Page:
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IO Reimbursement: Be Proactive and Prepared

By Sarah Hudson-DiSalle, PharmD, RPh

Sarah Hudson-Disalle
Sarah Hudson-DiSalle, PharmD, RPh
Pharmacy Manager
The James Cancer Hospital and Solove Research Institute
Columbus, OH

Sarah Hudson-DiSalle, PharmD, RPh​ is the Pharmacy Manager at The James Cancer Hospital and Solove Research Institute. She has a demonstrated history of working in the hospital & health care industry. Skilled in Healthcare Information Technology (HIT), Hospitals, Managed Care, Healthcare, and Healthcare Management.

She earned her Doctor of Pharmacy (Pharm.D.) degree focused on Pharmacy, Patient Access and Reimbursement Services from The Ohio State University and James Cancer Hospital.

November 12, 2018

As with other high-cost treatments, integration of immunotherapies into practice requires a thorough understanding of payer policies and requirements for reimbursement. Working within the clinical policies of third party payers is paramount to a successful foundation for payment. Almost all payer types have created clinical policies for immuno-oncology (IO) agents. Payers (commercial, federal- and state-funded plans) create clinical policies to provide guidance on medical necessity for an IO agent(s) from the payer’s point of view. Commercial payers often have written policies, while government payers may set generic parameters with diagnosis codes that must be followed. These generic parameters require the practice to interpret if guidelines are met prior to therapy.

A key step in successful reimbursement is for providers to become thoroughly familiar with each payer’s clinical policy and understand any required biomarker testing or exclusions. For example, clinical policies for IO agents may require biomarker testing for some agents but not others, even when such testing is not indicated by the FDA label. Payers’ clinical policies may also include: exclusion criteria based on past therapies (or lack of those therapies), length of coverage for therapies, or past or current concurrent disease states (e.g., Hepatitis C). When payers lack a clinical policy, the program or practice intending to deliver the IO agent must request a complementary pre-determination.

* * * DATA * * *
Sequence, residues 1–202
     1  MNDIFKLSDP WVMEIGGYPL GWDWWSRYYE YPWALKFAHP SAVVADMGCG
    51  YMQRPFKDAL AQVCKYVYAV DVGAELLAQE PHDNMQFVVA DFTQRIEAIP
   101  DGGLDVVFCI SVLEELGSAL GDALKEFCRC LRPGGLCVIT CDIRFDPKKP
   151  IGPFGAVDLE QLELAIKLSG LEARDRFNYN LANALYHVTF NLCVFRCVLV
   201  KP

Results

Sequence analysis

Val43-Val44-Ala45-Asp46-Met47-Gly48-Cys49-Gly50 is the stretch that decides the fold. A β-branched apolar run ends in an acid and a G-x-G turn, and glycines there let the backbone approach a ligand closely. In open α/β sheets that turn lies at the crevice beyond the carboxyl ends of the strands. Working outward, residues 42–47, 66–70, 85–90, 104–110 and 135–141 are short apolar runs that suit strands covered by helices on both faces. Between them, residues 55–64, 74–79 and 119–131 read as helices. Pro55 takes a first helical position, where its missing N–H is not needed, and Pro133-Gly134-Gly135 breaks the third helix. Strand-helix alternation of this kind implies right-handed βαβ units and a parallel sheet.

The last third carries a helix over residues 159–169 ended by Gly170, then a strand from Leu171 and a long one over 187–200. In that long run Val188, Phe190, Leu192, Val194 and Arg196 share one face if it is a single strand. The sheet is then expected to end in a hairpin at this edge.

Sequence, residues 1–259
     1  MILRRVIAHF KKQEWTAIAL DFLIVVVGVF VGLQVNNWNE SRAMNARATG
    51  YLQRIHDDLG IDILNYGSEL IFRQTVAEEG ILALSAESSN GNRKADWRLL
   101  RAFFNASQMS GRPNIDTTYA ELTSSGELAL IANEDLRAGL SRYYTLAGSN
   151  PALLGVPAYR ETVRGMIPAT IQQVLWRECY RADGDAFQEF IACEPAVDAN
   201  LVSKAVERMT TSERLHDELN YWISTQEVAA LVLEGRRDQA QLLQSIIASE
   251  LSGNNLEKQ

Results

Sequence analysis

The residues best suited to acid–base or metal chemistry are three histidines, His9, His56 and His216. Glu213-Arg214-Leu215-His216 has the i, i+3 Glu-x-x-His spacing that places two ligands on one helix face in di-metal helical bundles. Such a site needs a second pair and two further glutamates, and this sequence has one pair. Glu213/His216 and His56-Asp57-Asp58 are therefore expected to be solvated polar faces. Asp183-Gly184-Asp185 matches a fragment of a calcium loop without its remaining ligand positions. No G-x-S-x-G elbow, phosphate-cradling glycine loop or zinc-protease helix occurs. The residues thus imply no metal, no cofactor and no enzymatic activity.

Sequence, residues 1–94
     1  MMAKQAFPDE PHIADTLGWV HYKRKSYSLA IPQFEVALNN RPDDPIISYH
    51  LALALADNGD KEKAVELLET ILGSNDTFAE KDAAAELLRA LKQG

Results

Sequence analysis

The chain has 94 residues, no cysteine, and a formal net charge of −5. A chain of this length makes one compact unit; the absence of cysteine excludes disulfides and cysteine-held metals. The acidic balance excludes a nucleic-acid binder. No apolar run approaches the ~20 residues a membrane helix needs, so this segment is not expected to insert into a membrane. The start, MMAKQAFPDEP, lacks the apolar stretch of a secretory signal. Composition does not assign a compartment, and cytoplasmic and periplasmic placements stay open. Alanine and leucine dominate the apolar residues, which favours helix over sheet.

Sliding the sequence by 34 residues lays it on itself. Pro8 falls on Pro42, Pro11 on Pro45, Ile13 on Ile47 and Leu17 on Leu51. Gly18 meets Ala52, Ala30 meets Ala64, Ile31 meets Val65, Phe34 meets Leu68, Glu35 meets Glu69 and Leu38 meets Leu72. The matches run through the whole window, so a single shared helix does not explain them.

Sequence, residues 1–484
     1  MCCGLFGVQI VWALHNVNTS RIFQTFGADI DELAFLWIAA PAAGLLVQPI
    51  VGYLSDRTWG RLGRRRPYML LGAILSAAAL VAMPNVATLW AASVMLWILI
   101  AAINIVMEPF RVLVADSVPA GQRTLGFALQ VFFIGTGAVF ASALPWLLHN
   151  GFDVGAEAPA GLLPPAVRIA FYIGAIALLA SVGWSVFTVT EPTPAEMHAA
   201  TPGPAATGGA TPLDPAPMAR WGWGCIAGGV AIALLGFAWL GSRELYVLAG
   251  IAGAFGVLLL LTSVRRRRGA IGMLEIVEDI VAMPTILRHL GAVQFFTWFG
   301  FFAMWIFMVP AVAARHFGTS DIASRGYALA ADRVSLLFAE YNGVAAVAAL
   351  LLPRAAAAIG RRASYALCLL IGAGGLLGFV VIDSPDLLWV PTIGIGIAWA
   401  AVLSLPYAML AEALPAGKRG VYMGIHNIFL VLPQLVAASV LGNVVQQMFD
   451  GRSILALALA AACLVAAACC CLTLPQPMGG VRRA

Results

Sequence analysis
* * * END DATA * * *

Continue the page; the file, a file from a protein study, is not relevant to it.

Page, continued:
As more new agents and new indications receive FDA approval, another reimbursement challenge occurs. Payers’ clinical policies and published drug compendia may lag 3-6 months behind published FDA approvals. Providers need to be proactive. Submit a pre-determination that includes recent peer-reviewed literature and an updated product package insert.

Anticipate that you will need to obtain prior authorization for immunotherapies and, with the exception of Medicare, that you will need to ask payers for permission to treat with these agents. Even though you receive prior authorization, your denials team needs to be adept at writing appeals proving medical necessity with these agents. Be ready for denials on authorization requests for agents that are used outside of approved two IO agent combinations, or an IO agent and other chemotherapy agent (IV or oral) for patients previously treated with a checkpoint agent, or when sequential therapy is interrupted.

Establishing a foundation for proactively managing payer relationships and leveraging those relationships with IO is beneficial. Payers usually have a process for submission of clinical policy material; however, convincing payers to consider a change in policy is challenging unless sufficient peer-reviewed literature is available. The largest opportunity lies with your local Medicare fiscal intermediary’s development of Local Coverage Determinations (LCDs). The fiscal intermediary will take into consideration the NCCN Compendia and NCCN Practice Guidelines and view these as the gold standard for medical necessity, as well as for successful reconsiderations of an LCD policy.

The views and opinions expressed herein are those of the author(s)/faculty member(s) and do not reflect the official policy or position of their employer(s) or the Association of Community Cancer Centers.